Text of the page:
First up is Wordshake, basically a Boggle variant. You are given a four by four grid of random letters and then you've got two minutes to make as many words as possible using those letters. The smallest word must have at least three letter and - unlike Boggle - the letters don't need to be next to each other. You score more points the longer the word is, and at the end it shows you a list of all the words you came up with. There is also the option to submit your score online and also to go to the British Council site to play a multi-player version of it, but I couldn't work out how to do that.
As a vocabulary game it's fun, but I'm not sure to what extent this is a dedicated language learning app and there are hundreds of other similar word games and word searches on the market that do something very similar. Ok for a few goes but not something you are likely to come back to very often.
Perhaps a more ESL focussed app is Learn English, a regular radio show podcast for elementary level students available for both iphone/ipod touch and Android. Based around a radio show with Tess and Ravi, the show has various sections, features, dialogues and at the end an explicit language focus where the presenter discusses some language points that have come up in the show. While the podcast is playing, you can follow along with the transcript or answer multiple choice questions about the show (couldn't actually check the answers on my phone, not sure if that's a bug with the app or with my phone). There are also links to Tess and Ravi's Facebook and Twitter pages where listeners can post comments and respond to what they've heard.
I like this a lot, it seems to be very much aimed at teenagers with its content and social networking features but I also think adult learners could benefit from listening as well. Having the transcript to read along with adds a nice safety net feature for those students who panic when they don't understand what they are listening to.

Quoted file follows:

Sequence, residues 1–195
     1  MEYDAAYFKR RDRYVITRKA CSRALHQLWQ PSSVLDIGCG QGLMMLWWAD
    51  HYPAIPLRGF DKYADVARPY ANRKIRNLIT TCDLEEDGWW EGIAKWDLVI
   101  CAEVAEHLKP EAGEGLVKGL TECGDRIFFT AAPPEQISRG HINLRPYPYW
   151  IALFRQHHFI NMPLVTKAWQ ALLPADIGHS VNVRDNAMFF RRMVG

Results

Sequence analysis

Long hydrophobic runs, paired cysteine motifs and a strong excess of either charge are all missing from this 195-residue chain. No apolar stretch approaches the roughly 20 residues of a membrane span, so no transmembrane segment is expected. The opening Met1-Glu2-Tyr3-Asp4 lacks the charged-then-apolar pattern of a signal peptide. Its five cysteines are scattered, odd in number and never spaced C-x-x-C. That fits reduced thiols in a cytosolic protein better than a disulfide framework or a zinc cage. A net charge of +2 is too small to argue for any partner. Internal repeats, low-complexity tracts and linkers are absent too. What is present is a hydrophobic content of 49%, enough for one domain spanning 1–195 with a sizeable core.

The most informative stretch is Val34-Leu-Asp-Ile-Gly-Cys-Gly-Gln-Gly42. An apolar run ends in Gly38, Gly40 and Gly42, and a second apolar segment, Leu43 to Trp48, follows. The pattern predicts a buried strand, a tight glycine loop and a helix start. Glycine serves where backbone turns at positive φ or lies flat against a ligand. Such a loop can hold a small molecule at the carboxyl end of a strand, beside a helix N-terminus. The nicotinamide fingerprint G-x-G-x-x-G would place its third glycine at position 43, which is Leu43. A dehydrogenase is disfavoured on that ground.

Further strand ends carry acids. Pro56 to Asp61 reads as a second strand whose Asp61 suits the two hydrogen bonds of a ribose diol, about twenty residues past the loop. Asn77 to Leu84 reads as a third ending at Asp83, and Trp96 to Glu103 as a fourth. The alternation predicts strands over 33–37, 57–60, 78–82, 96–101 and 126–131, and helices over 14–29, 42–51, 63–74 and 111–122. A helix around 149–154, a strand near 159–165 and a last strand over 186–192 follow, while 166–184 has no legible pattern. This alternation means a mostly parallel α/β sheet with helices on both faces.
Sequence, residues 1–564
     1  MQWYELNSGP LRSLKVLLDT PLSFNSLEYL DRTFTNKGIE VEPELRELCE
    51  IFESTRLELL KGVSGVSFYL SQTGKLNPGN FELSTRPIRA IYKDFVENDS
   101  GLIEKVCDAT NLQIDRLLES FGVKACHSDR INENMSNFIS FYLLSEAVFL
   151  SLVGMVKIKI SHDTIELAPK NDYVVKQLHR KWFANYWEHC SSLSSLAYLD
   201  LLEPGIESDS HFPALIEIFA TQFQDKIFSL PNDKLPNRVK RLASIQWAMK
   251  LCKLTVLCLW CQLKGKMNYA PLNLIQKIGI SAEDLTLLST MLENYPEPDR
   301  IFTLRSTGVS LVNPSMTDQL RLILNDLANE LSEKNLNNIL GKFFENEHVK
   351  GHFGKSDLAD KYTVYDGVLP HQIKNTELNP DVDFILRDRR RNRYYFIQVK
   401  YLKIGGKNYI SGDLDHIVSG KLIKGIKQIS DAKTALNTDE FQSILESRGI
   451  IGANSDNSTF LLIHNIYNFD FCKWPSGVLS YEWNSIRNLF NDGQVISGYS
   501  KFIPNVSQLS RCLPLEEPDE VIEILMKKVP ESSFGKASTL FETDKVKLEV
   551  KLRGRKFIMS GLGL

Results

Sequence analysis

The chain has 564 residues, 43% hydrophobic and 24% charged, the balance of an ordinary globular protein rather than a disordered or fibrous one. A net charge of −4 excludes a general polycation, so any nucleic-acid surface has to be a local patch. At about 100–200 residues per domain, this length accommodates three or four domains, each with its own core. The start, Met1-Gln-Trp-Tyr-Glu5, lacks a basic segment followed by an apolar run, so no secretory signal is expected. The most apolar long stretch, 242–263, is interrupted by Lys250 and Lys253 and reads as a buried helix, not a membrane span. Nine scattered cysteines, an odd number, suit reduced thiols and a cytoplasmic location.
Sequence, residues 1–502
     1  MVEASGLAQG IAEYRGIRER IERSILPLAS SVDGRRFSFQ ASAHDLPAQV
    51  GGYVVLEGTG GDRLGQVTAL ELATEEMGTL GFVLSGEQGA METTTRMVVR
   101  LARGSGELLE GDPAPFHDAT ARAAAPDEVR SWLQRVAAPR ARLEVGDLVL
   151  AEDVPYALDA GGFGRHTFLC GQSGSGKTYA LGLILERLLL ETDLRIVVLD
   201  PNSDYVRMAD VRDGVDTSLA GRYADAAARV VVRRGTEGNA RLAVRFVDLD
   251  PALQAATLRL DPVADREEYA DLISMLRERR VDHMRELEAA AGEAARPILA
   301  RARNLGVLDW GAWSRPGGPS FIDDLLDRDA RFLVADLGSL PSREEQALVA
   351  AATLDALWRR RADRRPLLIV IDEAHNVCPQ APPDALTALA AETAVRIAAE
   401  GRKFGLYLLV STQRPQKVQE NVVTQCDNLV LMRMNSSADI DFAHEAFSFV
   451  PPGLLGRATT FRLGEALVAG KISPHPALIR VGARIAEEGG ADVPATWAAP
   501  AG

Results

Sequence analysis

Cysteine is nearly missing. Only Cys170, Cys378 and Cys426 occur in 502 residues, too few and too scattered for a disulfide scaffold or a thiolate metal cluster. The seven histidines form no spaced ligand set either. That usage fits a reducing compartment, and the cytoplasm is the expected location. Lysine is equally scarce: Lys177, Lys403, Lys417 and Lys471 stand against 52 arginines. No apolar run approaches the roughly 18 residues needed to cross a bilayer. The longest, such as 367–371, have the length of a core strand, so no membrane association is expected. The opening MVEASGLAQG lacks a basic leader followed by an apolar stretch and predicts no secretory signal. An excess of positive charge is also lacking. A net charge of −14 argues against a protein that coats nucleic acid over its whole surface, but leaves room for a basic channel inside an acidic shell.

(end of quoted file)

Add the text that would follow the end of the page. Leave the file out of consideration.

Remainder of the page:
You could argue that the podcasts lack a little authenticity and they do sound a bit like the kinds of listenings you get in coursebooks, but it is for elementary learners. It's easy to forget what it's like being a lower level language learner (I'm still struggling with the basics of Russian and suffer this on a daily basis) and the need for material that is around or just above their level of listening to allow them to be successful. Yes, it would be fantastic if students could always listen to 'real' material, but I know from my own experiences of trying to learn a second language that authentic material can be incredibly overwhelming and demotivating at times .
So yeah, definitely one to recommend to your students.
The British Council have created another game-like app for Android called Johnny Grammar's Quizmaster. I downloaded it a while back and tried it out, good fun but I remember the time available to answer the questions was ridiculously short and even I was struggling to answer most of the questions in time. I tried to download it again to test it out and see if anything had changed with it but it now doesn't seem to work on my phone.
Anyhow, I'm pleased to see the British Council pushing out these kinds of resources for mobile phones and doing it across more than one platform. It would be great to see them releasing these apps on Nokia phones (Symbian) as this would give a lot more students in developing countries the chance to experience them.